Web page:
Non-GAAP Earnings and Corporate Investment

46 Pages Posted: 21 Apr 2016 Last revised: 5 Feb 2019

See all articles by Henry Laurion

Henry Laurion

University of Colorado at Boulder - Department of Accounting

Date Written: January 22, 2019

Abstract

Most definitions of non-GAAP earnings are calculated to exclude the effects of acquisition and restructuring expenses, asset write-downs, and intangible asset amortization. I hypothesize that managers who report non-GAAP earnings place lower weight on the excluded expenses in their corporate investment decisions. Consistent with this hypothesis, I find that firms with a history of reporting non-GAAP earnings engage in more and larger acquisitions and have higher total capital investment. I also find that high capital expenditures are concentrated among firms whose non-GAAP earnings are calculated to exclude depreciation expense (i.e., firms that report EBITDA). Finally, I find that acquisition-related restructuring activities of firms reporting non-GAAP earnings were less sensitive to a rule change affecting the recognition of restructuring expense. Overall, these findings are consistent with the notion that managers’ corporate investment strategies are influenced, or at least revealed, by non-GAAP earnings.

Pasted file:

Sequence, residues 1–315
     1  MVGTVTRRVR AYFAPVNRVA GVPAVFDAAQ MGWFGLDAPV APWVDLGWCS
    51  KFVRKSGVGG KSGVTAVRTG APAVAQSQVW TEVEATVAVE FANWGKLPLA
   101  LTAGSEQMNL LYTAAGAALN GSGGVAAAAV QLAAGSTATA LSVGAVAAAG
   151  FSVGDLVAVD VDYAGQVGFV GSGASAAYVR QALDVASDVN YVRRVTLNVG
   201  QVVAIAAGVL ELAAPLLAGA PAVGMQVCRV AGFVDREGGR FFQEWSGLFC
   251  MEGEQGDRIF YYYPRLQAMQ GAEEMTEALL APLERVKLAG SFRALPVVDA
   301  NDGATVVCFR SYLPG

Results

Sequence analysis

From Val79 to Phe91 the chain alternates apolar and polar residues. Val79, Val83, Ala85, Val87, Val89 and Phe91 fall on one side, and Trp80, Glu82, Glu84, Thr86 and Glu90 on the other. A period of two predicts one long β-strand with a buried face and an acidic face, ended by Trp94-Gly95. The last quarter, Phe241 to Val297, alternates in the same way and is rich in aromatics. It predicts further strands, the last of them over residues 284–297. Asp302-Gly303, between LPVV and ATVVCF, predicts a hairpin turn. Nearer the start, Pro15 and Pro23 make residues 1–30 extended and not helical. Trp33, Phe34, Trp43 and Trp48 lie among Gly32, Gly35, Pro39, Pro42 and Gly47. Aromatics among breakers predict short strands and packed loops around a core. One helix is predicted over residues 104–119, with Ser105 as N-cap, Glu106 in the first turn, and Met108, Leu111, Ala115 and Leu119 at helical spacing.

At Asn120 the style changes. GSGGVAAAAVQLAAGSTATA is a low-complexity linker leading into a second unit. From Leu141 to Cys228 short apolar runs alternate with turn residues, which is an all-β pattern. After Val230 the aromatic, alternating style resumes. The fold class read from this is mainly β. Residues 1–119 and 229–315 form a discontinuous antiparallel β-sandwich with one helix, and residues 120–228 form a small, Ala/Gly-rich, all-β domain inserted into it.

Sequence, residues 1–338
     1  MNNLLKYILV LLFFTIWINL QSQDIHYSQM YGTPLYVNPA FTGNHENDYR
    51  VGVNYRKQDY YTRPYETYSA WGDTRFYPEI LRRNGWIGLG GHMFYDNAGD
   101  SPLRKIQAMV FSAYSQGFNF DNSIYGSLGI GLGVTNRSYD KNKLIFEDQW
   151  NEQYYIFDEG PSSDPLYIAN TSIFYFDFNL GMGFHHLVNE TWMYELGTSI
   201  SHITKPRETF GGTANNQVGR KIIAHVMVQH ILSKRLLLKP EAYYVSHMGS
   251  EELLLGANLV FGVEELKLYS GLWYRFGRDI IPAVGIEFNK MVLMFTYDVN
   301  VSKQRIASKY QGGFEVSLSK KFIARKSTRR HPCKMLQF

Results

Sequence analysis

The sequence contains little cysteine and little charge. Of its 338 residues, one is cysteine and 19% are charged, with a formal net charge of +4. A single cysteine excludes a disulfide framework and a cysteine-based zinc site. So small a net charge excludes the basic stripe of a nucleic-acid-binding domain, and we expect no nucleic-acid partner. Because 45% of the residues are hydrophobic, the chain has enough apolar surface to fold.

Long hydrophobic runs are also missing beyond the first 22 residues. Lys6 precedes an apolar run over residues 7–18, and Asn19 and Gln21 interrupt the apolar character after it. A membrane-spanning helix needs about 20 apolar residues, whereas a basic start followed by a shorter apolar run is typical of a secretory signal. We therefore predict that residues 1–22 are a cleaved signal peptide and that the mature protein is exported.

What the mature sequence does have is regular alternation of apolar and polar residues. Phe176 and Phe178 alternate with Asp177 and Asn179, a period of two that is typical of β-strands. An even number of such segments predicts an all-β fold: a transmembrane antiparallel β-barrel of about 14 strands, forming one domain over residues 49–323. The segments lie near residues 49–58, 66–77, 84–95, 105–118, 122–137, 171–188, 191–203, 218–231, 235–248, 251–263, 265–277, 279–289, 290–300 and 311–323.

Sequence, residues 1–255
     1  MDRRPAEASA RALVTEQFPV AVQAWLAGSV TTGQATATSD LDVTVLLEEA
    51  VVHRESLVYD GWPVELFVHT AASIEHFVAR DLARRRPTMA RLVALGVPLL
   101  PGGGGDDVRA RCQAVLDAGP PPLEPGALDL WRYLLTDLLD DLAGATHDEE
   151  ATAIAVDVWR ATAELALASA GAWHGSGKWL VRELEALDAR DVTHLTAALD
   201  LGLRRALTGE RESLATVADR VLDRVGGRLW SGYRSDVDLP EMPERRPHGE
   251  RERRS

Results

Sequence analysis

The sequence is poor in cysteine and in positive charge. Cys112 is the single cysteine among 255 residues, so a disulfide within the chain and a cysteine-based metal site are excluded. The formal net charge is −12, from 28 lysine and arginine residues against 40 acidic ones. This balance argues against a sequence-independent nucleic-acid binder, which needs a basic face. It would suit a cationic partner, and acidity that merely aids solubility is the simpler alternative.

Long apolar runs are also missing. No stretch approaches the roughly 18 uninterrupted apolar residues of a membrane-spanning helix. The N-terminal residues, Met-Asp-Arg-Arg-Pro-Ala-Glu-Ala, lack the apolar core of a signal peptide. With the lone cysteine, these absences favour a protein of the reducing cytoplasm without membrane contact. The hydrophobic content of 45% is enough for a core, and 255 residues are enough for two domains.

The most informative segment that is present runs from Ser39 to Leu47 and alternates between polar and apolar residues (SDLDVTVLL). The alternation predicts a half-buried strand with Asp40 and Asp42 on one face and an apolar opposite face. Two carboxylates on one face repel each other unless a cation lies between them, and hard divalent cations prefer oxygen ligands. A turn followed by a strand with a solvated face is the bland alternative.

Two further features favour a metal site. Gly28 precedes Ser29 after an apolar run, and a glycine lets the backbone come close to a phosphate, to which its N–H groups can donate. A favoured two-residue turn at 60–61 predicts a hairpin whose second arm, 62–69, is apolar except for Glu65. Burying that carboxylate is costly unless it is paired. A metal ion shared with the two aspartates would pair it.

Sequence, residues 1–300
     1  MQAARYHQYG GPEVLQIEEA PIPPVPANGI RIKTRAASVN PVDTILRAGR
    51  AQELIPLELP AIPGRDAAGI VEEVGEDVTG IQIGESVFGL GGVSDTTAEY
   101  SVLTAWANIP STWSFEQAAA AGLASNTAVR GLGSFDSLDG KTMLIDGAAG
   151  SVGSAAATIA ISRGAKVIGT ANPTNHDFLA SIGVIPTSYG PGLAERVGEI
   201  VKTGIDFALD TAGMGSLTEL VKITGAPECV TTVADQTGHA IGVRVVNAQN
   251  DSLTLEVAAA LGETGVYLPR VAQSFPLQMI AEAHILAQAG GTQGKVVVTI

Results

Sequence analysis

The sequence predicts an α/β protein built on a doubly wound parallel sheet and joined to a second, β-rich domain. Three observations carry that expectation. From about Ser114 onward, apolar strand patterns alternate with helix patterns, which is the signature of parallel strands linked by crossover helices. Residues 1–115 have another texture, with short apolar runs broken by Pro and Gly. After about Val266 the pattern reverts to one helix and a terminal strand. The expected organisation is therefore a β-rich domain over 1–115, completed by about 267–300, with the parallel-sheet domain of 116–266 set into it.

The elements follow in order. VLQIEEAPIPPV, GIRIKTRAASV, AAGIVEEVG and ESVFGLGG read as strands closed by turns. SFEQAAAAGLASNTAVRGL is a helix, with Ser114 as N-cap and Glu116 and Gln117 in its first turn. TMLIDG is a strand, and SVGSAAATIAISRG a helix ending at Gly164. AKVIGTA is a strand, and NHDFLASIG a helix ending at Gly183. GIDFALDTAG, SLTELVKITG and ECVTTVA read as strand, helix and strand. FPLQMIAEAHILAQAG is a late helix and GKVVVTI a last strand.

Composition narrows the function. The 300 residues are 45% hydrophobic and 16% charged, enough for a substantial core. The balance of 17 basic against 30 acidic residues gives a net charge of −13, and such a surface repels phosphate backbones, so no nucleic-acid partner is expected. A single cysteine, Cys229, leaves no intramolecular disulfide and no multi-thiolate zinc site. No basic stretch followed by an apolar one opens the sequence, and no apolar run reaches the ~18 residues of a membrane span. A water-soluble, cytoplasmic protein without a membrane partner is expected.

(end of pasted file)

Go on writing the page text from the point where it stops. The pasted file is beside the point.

Keywords: Non-GAAP Earnings; Corporate Investment; Acquisitions; Layoffs; SFAS 141(R)

JEL Classification: M20; M40; M41

Suggested Citation

Laurion, Henry, Non-GAAP Earnings and Corporate Investment (January 22, 2019). Available at SSRN: https://ssrn.com/abstract=2764490 or http://dx.doi.org/10.2139/ssrn.2764490

Henry Laurion (Contact Author)

University of Colorado at Boulder - Department of Accounting ( email )

419 UCB
Boulder, CO 80309-0419
United States

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